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After Attacks, Asks 'Where's the State Department?'

BY Nancy Scola | Wednesday, April 20 2011

Photo credit: Meneer De Braker

Yesterday, we noted that was reporting that it was the victim of a distributed denial of service attack originating from China, and was calling on the State Department for help in keeping their online social action platform up and running. The apparent target of the attacks was a petition for the release of Chinese artists Ai Weiwei, which has more than 90,000 signatures at the moment.  “Our engineers have been able to keep up the site during parts of the attack," said founder Ben Rattray in a statement, "but we've had some down time and without government assistance there are limits to what we can do.”

A little unclear was what the company wanted the State Department to actually do. Site editor Benjamin Joffe-Walt responded that they're looking for Hillary Clinton and company to press Beijing on their behalf:

While from a technical perspective we are experiencing an ongoing, highly sophisticated denial of service attack, this is essentially a political attack and clearly in response to the viral success of a campaign by leading global art museums to free China's most famous artist.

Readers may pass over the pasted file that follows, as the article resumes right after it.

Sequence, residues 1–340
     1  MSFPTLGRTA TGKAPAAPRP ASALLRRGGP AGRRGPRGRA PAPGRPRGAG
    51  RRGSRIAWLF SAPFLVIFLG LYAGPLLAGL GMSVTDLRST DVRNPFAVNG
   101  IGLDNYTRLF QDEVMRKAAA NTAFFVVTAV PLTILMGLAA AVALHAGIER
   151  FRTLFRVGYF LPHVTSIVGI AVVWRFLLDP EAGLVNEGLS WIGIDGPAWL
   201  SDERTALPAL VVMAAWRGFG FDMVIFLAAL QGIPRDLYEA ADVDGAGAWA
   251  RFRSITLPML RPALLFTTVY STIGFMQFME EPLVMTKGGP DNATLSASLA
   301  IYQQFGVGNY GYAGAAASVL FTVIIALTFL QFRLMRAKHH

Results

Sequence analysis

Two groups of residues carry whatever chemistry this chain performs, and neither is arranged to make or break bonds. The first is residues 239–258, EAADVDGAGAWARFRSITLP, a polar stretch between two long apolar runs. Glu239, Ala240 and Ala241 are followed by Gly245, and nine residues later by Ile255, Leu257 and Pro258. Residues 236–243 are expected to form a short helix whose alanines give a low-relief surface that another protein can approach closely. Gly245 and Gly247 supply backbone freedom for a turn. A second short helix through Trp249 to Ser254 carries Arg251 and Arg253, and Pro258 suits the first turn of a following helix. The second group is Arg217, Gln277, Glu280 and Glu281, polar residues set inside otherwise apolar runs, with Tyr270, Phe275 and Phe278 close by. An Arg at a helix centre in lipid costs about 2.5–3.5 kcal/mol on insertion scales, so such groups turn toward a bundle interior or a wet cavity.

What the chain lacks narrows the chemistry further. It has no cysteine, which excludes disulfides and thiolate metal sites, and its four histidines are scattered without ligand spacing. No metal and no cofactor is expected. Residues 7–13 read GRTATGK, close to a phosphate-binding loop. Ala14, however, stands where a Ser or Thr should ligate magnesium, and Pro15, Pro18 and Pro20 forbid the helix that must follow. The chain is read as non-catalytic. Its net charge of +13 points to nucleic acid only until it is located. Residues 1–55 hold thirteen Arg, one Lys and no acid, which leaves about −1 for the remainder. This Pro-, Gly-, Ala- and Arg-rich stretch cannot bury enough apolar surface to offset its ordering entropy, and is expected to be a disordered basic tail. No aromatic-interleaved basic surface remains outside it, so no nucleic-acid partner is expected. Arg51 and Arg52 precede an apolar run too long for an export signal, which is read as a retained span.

In the past, the State Department has aggressively gone to bat for U.S. corporations attacked from China. This is worse: here we have a situation in which sources in China are directly attacking the right of American citizens to legally and democratically organize. But where is the State Department? Isn't a public statement of condemnation in order?

It wouldn't be the first time. Back in late January, Secretary of State Hillary Clinton called for the Chinese government to "conduct a thorough investigation of the cyber intrusions" into Google's systems, including Gmail. Now, isn't Google. And the company benefits from additional attention to its Ai Weiwei campaign (and, for that matter, to their platform, which, by Rattray's own telling, has struggled until recently to get traction). But Clinton's advancing of her "Internet freedom" agenda has certainly raised her profile as somebody American companies can call on when something goes wrong on the Internet.

Joffe-Walt says that's in-house technical team has traced the origin of the attacks back to "several China-allocated IP blocks."

Clinton has directly called for the release of Ai Weiwei.